URGENT: Rabbit Hemorrhagic Viral Disease Virus 2 (RHDV2)

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Important Information Please Read

RHVD2 Confirmed Cases in Texas.

This is especially important to all rabbit caretakers who let their rabbits outside at any point in time. Rabbit Hemorrhagic Viral Disease is coming our way, the number one way to protect your rabbit-family members is to keep them inside 24/7. RHDV2 is HIGHLY contagious, and invisible, you will not know when your area has been infected and you will not be able to keep it out of your yard, so be safe instead of sorry.

We know that dealing with ANOTHER highly infectious, invisible yet very dangerous threat is the last thing anyone wants to deal with, but we don’t have a choice. RHDV2 has been confirmed in Northeast Texas and its just a matter of time before it reaches our area.

Rabbit Hemorrhagic Viral Disease: What You Need to Know

There have been no new confirmations of Rabbit Hemorrhagic Disease Virus 2 (RHDV2) in Texas domestic rabbits since April 22, 2020.

The Texas Animal Health Commission (TAHC) was first notified of the presence of RHDV2 on a Hockley County premises on April 10, 2020. Since then, only 2 additional domestic rabbit premises in El Paso County have been confirmed with RHDV2.

To date, Texas Parks and Wildlife Department (TPWD) has confirmed RHDV2 in the wild rabbit population in Hudspeth and Lubbock Counties.

The TAHC will send out official RHDV2 updates if any new confirmations are received in the domestic rabbit population.

Previous TAHC Situational Updates

What is RHDV2?

RHDV2 is a fatal, viral disease that affects both domestic and wild rabbits, including hares, jackrabbits and cottontails. It does not affect human health or affect other animal species.

The highly contagious foreign animal disease spreads between rabbits through contact with infected rabbits or carcasses, their meat or fur, contaminated food or water, or materials coming in contact with them. RHDV2 can persist in the environment for a very long time. These factors make disease control efforts extremely challenging once it is in the wild rabbit populations.

USDA: RHDV2 Factsheet

Practice Good Biosecurity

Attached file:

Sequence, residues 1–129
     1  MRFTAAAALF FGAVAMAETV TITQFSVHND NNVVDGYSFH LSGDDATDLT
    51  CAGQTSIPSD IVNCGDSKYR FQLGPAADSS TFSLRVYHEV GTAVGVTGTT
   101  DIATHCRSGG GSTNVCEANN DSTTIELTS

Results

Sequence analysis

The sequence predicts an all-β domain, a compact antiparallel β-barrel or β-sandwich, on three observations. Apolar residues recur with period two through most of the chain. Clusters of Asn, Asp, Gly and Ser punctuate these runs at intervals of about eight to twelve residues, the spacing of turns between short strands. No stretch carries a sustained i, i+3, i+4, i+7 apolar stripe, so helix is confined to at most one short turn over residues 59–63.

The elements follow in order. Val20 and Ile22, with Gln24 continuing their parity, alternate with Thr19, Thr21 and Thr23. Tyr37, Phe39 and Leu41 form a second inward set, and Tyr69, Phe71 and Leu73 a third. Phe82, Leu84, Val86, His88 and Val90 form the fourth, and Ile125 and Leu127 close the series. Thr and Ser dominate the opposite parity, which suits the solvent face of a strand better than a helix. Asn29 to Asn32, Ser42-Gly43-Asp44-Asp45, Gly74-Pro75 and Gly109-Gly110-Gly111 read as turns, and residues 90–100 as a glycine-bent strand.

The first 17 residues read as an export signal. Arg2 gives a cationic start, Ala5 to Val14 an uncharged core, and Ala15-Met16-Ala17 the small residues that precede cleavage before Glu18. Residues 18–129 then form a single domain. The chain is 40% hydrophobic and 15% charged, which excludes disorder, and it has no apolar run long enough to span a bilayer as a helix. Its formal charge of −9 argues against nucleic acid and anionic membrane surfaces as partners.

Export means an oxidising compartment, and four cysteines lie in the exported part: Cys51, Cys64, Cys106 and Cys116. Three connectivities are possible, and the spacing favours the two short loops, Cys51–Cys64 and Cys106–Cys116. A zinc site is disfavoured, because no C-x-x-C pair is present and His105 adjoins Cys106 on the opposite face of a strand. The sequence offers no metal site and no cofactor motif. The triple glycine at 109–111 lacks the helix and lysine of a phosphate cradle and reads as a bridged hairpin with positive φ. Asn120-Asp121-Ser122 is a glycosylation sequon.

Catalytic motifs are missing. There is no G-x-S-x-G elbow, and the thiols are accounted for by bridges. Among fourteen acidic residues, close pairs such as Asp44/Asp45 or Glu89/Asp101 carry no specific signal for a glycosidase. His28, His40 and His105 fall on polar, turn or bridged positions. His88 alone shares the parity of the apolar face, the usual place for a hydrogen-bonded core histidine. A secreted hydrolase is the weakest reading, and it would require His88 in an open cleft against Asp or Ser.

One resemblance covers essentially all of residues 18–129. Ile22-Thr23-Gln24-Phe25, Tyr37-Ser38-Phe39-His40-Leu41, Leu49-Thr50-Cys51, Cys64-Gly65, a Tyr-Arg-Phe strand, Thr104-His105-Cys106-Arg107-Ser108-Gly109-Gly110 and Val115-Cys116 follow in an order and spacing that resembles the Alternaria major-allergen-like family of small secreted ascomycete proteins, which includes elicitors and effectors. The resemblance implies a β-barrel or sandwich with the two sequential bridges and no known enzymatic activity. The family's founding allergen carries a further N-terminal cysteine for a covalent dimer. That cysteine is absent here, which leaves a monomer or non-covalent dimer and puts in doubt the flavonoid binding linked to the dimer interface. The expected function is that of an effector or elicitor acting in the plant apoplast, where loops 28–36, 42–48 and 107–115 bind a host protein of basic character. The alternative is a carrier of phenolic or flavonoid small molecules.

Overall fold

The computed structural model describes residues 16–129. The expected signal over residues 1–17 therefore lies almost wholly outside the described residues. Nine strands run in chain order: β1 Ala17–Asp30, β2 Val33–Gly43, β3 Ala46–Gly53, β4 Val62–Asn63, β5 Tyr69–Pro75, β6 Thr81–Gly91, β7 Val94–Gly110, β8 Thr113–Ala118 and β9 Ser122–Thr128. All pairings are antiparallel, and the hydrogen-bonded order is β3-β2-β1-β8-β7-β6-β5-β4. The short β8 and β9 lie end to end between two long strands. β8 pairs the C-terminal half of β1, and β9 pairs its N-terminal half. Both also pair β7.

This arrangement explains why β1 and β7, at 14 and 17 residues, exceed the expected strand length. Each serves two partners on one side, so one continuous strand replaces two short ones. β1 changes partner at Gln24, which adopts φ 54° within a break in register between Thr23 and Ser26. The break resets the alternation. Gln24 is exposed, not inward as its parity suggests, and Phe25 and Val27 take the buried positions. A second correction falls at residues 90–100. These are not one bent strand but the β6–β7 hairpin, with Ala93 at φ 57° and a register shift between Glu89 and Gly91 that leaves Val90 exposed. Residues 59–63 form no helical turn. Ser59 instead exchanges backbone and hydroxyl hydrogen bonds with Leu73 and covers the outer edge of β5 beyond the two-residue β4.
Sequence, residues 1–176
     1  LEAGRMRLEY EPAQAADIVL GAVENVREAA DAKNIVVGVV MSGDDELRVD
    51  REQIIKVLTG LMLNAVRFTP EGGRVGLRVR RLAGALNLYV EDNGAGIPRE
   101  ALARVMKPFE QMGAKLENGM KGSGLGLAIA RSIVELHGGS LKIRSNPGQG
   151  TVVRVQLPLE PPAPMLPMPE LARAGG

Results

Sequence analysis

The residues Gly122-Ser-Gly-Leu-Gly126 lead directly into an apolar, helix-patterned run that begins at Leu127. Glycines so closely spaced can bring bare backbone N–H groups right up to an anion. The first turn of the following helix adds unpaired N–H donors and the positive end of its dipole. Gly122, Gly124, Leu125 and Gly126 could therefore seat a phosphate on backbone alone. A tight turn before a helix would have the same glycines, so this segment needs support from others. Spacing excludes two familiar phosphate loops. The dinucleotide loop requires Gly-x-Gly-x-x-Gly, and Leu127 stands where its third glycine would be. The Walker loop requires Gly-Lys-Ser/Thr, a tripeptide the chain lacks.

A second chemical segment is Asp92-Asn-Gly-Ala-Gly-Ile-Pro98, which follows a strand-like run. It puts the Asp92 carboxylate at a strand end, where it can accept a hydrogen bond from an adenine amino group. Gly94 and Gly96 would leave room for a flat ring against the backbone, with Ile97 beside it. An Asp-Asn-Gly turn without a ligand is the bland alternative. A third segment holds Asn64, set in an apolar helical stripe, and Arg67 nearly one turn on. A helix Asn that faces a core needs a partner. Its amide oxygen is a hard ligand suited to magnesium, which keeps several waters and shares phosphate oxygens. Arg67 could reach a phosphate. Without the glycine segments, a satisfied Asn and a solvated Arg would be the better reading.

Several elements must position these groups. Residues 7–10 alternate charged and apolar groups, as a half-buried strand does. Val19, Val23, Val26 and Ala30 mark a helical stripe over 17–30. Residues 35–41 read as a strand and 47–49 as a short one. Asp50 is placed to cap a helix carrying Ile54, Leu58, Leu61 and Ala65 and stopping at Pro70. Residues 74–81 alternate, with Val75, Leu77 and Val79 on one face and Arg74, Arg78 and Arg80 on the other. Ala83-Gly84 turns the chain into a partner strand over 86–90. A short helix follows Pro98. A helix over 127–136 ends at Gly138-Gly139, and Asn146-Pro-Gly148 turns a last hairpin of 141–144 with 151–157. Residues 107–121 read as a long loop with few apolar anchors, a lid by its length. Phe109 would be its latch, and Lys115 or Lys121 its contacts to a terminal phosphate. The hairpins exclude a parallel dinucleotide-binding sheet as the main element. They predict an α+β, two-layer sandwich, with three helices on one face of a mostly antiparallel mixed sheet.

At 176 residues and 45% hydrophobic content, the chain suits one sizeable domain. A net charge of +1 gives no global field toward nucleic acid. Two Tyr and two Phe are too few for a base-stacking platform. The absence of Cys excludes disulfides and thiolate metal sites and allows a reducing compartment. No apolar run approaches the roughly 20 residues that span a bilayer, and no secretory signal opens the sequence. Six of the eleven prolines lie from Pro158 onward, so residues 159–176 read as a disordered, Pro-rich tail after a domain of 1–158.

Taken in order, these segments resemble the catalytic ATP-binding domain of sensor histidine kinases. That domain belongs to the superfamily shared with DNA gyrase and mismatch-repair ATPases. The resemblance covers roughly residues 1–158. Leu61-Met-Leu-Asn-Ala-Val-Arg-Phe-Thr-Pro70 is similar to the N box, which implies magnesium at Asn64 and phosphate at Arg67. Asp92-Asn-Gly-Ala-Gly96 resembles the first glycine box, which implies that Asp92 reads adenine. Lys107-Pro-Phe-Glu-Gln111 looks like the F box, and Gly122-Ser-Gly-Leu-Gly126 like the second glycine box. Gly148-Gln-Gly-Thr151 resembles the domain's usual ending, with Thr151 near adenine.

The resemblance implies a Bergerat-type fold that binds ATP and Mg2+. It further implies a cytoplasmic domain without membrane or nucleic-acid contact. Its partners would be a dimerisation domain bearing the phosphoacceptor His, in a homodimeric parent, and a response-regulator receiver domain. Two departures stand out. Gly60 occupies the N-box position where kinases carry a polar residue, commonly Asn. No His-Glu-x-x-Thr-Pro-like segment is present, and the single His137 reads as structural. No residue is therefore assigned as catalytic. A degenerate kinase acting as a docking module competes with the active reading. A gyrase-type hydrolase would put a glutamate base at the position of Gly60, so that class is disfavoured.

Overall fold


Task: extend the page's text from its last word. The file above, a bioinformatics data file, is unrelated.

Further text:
As an animal caretaker, you know the importance of practicing good biosecurity. Use these helpful tips to decrease the likelihood of disease in your rabbits.

Keep A Distance – maintain boundaries between your rabbits and other rabbits. That means Keep Your Rabbits Indoors. We know it’s beautiful and sunny right now, but its not worth the risk. Your rabbits will thank you for your precautions.

Keep Things Clean – routinely disinfect all areas and equipment.

Keep A Watch – monitor your rabbits’ health closely.

For more tips, download the TAHC Rabbit Biosecurity Guide

A Message From White Rock Veterinary Hospital

RHDV2 is a reportable infectious viral disease of rabbits that has been recently found in wild and domestic rabbits in some southern states in the US, including at least one case reported in west Texas. Check out the informative video from Oxbow Animal Health, featuring veterinarian Dr. Micah Kohles, for a comprehensive summary of the disease. Please know that there are currently no licensed vaccines commercially available in the United States but White Rock Veterinary Hospital and Exotic Pet Care is working with the Texas Animal Health Commission and other Texas veterinarians toward the possibility of importing European vaccines. We will keep you updated on our progress. In the meantime, practice good hygiene by frequent and rigorous hand-washing, limiting contact with unknown rabbits, and removing shoes in the house. At this time, we do not recommend taking your pet rabbits outside for playtime, and we highly recommend bringing outdoor rabbits indoors for permanent housing.

Please contact White Rock at 512-670-5400 if you have any concerns with your rabbit’s health and report to us immediately if you become aware of any suspicious rabbit deaths. You can e-mail info@whiterockvet.com with non urgent questions.

Rabbit Hemorrhagic Disease (RHDV2) video of important information and FAQ

Categories: Blog Post | Shelter Updates | Urgent